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Infected PCs Contain Average Of Three Different Types of Malware

New Eset scan data reflects cybercrime trends in malware creation, installation, AV firm says

An infected computer isn't just infested with one type of malware, but an average of three different malware families, according to new data gathered from antivirus firm Eset.

In scans of more than a half-million PCs in the past three months, Eset's free online scanner also found an average of 13 malware-infected files on each compromised machine. "These were not necessarily Eset customers. It was anyone who browses our site, which is why I thought this data was interesting," says Pierre-Marc Bureau, a researcher at Eset.

Bureau says such a high number of infected files was surprising. "A lot of people [at first] asked me to go back and make sure that data was accurate," he says; it was. Just which file was the original culprit can be difficult to ascertain, too, he says.

"It's hard to know which is the original malware versus the files it infected. If you had one media file, then all the media files are infected, and there's no way to differentiate between the initial one and the ones that became infected after. That's the problem," he says.

Bureau says it's all about the comeback of file-infecting viruses, which had been considered history until recently. Trojan downloader families, such as WMA/TrojanDownloader.GetCodec, spread quickly among multimedia files on a machine -- as soon as one infected music file is played, all others are infected, he says.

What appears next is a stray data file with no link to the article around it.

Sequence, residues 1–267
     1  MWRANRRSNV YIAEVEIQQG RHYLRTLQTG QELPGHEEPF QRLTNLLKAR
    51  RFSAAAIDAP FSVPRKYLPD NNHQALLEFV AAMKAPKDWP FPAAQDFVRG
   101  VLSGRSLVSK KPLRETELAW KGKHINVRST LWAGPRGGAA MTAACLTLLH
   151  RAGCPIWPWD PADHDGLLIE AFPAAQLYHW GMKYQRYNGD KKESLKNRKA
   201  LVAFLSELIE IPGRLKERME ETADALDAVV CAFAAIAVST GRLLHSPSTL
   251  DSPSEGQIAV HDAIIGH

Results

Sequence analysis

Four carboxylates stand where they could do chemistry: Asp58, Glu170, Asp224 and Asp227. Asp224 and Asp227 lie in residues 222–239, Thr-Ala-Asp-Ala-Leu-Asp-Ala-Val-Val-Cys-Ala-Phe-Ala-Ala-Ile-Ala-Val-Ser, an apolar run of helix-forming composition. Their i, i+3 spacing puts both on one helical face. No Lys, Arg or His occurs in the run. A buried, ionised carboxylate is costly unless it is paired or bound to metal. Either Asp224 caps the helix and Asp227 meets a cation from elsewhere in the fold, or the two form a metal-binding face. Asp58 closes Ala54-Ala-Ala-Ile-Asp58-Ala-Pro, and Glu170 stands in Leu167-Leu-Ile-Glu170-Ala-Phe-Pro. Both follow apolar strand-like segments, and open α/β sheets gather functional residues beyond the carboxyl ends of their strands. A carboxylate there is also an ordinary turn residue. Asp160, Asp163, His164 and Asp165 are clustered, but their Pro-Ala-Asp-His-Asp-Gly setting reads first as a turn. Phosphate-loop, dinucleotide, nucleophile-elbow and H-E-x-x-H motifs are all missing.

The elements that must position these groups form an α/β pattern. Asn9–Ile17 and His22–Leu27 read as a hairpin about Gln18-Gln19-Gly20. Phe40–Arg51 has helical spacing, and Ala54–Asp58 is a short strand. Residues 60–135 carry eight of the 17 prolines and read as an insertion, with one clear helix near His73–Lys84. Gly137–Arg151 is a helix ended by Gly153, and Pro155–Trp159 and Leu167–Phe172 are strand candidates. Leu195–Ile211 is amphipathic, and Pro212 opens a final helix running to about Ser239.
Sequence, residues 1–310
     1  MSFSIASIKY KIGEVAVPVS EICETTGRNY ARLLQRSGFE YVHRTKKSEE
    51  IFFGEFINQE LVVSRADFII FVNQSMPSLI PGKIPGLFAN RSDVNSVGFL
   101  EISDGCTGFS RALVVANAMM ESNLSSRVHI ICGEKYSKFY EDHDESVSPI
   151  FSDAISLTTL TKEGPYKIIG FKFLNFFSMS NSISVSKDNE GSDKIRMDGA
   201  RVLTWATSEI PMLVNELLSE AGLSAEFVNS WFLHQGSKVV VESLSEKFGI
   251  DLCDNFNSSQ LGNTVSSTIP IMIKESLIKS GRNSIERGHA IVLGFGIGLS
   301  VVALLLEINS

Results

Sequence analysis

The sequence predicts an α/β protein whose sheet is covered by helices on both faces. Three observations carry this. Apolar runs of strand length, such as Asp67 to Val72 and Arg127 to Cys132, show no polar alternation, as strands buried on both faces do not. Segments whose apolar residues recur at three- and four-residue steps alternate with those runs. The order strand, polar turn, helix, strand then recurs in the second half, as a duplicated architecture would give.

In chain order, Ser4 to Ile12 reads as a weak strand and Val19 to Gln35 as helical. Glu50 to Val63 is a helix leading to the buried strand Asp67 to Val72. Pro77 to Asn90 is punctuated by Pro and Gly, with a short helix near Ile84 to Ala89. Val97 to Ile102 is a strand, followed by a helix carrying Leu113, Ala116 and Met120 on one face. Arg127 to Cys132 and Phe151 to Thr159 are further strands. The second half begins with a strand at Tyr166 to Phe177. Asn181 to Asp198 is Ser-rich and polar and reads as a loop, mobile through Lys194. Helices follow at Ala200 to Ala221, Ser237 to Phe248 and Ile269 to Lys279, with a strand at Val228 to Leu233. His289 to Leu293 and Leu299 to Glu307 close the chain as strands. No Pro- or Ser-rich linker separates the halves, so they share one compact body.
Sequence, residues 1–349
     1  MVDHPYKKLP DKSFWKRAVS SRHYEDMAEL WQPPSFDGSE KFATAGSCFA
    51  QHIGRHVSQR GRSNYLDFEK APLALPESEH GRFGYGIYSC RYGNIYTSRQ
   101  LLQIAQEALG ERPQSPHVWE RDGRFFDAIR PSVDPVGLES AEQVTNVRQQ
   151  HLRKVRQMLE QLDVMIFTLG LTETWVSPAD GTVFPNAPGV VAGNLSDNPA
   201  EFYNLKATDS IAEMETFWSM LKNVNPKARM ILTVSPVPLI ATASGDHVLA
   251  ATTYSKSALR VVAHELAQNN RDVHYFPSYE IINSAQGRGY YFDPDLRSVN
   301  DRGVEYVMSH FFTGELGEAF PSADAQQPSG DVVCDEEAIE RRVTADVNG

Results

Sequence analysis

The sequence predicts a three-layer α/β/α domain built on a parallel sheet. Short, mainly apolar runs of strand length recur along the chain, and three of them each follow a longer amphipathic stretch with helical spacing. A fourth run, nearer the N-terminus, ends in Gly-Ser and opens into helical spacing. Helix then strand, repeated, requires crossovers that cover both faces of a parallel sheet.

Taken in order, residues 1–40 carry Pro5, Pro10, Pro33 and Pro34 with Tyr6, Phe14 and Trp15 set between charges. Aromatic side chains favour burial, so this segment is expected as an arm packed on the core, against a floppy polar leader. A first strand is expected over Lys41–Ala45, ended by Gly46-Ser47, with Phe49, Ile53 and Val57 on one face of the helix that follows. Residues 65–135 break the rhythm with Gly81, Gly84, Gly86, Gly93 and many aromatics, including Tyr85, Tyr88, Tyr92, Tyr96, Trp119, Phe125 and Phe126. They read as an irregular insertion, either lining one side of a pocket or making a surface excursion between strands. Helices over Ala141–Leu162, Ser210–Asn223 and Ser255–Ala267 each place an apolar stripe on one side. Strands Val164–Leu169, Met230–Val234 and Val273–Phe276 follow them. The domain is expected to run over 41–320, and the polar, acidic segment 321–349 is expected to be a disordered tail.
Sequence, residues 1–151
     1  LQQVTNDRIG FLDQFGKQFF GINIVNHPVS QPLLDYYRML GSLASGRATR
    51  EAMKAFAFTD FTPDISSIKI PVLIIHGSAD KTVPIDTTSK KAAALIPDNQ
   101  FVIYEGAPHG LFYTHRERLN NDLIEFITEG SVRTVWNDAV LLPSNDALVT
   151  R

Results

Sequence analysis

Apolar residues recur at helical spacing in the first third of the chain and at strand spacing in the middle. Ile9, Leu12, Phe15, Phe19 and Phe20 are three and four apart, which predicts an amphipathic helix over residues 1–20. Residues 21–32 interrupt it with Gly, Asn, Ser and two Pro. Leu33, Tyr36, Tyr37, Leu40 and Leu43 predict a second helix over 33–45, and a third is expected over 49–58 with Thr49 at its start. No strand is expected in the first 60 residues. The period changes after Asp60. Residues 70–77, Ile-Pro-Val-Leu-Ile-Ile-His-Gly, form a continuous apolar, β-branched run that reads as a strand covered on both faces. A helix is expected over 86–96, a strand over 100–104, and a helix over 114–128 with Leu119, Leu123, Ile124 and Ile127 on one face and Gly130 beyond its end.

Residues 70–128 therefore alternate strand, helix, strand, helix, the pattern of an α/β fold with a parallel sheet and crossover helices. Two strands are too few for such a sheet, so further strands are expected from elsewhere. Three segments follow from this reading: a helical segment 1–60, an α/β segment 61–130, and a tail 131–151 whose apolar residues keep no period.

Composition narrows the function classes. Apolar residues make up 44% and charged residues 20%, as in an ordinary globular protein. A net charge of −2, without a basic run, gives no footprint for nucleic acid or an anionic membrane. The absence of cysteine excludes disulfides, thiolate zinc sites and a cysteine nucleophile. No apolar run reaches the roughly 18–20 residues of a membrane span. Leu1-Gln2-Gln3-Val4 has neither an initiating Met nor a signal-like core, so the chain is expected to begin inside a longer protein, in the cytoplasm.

The Win32/Virut malware family works similarly, but with an extra punch: It infects executable files and then alters HTML files to insert iFrames on a site to infect anyone viewing that HTML file.

Bureau says the three malware-family average caught Eset by surprise, too. "I was not expecting to see that number now -- I expected to see it in about a year," he says.

That is due to a growing trend during the past six months of malware gangs installing one family of malware, and then another malware gang installing another. "That's why we see different malware families in the same system," he says. "I didn't know it was already that well-established [a method]," he says.

For example one gang specializes in infecting the PC, and another installs rogue antivirus. "Users usually get infected by a Trojan downloader and then rogue antivirus," he says. Rogue AV gangs pay other criminal gangs each time their phony software gets installed on the infected PC. This "pay per install" model for malware lets the bad guys focus on their "specialties" and contract to one another.

Meanwhile, Eset also reported today that among its own customers, 3.3 of all machines block at least one threat a day. That means 33 computers in a company with 1,000 computers will either try to open a malicious file on the Internet, receive a malicious email, or get hit with a worm, according to Eset, which gathered the data via its ThreatSense.Net monitoring system. "I think that number is quite high," Bureau says. "This means if your computer is not protected over a short period of time, it has lots of changes of being infected."

Eset's lab receives more than 100,000 new strains of malware daily, Bureau says.

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Kelly Jackson Higgins is the Executive Editor of Dark Reading. She is an award-winning veteran technology and business journalist with more than two decades of experience in reporting and editing for various publications, including Network Computing, Secure Enterprise ... View Full Bio

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